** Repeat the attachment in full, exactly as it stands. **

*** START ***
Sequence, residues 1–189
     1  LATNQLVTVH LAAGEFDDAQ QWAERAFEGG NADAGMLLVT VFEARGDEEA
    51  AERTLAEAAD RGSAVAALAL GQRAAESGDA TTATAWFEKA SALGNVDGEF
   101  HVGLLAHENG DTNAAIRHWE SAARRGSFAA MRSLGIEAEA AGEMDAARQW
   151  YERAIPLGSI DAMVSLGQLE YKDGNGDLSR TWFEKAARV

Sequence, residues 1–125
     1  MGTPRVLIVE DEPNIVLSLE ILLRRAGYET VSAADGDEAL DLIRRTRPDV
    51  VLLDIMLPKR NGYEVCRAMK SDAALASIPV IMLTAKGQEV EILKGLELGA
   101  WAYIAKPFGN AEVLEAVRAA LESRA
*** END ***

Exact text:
Sequence, residues 1–189
     1  LATNQLVTVH LAAGEFDDAQ QWAERAFEGG NADAGMLLVT VFEARGDEEA
    51  AERTLAEAAD RGSAVAALAL GQRAAESGDA TTATAWFEKA SALGNVDGEF
   101  HVGLLAHENG DTNAAIRHWE SAARRGSFAA MRSLGIEAEA AGEMDAARQW
   151  YERAIPLGSI DAMVSLGQLE YKDGNGDLSR TWFEKAARV

Sequence, residues 1–125
     1  MGTPRVLIVE DEPNIVLSLE ILLRRAGYET VSAADGDEAL DLIRRTRPDV
    51  VLLDIMLPKR NGYEVCRAMK SDAALASIPV IMLTAKGQEV EILKGLELGA
   101  WAYIAKPFGN AEVLEAVRAA LESRA